This leaves women and their clinicians with some questions. In the combined hormone trial, the WHI tested only one estrogen (Premarin) and one progestin (Provera), in a single pill (Prempro), at a single dose (0.625 mg Premarin and 2.5 mg Provera).
Would a different estrogen or progesterone have fewer side effects? Would lower doses or a different mode of delivery, such as a transdermal (skin) patch or skin cream, be safer?
There are several ways in which a woman can take progesterone. The most common methods are by ingestion (swallowing a pill or capsule) and topicals (skin creams and gels) and vaginal suppositories.
There is one issue with taking a pill or capsule, and that is a phenomenon called first pass. First pass is when medicine is taken orally and has to pass through the digestive system and must then be processed through the liver. When this happens, it loses up to 90% of its potency.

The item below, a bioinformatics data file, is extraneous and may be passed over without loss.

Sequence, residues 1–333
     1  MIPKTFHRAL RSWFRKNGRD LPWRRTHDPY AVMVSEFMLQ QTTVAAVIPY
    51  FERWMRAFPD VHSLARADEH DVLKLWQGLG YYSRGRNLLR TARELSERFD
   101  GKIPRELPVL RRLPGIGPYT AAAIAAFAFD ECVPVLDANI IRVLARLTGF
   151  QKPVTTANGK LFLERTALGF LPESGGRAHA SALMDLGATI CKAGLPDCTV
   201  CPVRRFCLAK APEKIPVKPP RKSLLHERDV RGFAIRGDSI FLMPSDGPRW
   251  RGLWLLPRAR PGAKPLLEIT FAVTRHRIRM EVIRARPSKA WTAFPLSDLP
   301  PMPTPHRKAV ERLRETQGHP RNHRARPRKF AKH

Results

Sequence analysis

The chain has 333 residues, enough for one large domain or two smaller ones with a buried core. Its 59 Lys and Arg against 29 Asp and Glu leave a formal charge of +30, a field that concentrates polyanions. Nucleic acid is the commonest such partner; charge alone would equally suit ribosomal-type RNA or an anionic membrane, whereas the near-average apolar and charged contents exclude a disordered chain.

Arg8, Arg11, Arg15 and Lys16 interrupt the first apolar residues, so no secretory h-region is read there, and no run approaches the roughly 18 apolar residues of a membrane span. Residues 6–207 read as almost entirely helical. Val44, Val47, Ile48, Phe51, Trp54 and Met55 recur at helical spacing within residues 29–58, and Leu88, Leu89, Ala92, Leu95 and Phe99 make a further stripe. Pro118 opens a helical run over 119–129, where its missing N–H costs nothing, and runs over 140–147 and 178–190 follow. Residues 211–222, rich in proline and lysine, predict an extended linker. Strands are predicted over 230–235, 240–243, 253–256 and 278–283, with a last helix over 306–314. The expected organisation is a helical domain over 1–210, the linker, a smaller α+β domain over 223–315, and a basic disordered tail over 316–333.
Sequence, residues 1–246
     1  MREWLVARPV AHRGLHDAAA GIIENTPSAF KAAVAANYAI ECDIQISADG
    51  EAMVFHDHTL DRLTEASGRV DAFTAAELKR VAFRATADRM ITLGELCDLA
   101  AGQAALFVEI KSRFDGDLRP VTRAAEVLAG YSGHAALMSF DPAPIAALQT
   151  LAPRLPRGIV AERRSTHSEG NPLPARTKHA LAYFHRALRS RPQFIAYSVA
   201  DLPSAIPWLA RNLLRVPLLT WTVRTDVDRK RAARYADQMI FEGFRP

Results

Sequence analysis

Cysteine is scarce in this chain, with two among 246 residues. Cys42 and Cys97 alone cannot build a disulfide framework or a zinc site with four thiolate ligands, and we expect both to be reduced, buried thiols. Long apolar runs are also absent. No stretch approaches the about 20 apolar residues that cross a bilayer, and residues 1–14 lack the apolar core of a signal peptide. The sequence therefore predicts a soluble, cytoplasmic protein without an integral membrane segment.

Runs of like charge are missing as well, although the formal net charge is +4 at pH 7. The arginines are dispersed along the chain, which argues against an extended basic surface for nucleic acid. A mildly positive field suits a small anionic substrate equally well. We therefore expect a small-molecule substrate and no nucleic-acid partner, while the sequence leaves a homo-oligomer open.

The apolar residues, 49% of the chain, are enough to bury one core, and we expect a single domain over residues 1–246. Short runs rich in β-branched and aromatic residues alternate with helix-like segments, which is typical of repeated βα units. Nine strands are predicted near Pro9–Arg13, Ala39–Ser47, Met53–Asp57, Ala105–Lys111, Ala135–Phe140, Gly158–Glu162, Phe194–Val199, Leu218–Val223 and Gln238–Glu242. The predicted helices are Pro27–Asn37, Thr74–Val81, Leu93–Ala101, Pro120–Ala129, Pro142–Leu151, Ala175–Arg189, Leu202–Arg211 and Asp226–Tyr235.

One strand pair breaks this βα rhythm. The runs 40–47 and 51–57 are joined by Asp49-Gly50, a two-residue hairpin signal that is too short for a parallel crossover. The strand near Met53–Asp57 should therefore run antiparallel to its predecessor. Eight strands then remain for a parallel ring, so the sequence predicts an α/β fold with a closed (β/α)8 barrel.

In this case, skin creams or topicals are better because they don’t have to pass through the liver, can be taken in much lower concentrations and therefore are safer.
Different forms of hormones are recognized differently by cells, so it makes sense that their effects might also be different. When an oral hormone passed through the liver, it stimulates proteins associated with heart disease and strokes, such as C-reactive protein, activated protein C, and clotting factors.
Another example is a study found that among women taking estrogen-only therapy, those who took conjugated equine estrogens (Premarin) had a 78% higher risk for blood clots than users of esterified estrogen (Menest).
Also, the progestin medroxyprogesterone acetate (Provera) interferes more with estrogen’s good effects on cholesterol than micronized progesterone (Prometrium) does.
Micronized progesterone is progesterone that is finely ground in a lab, is extracted from wild Mexican yams and formulated to be bioidentical – closely matching the hormones produced naturally in the human body. It’s important to work with your medical provider before beginning any hormone replacement therapy.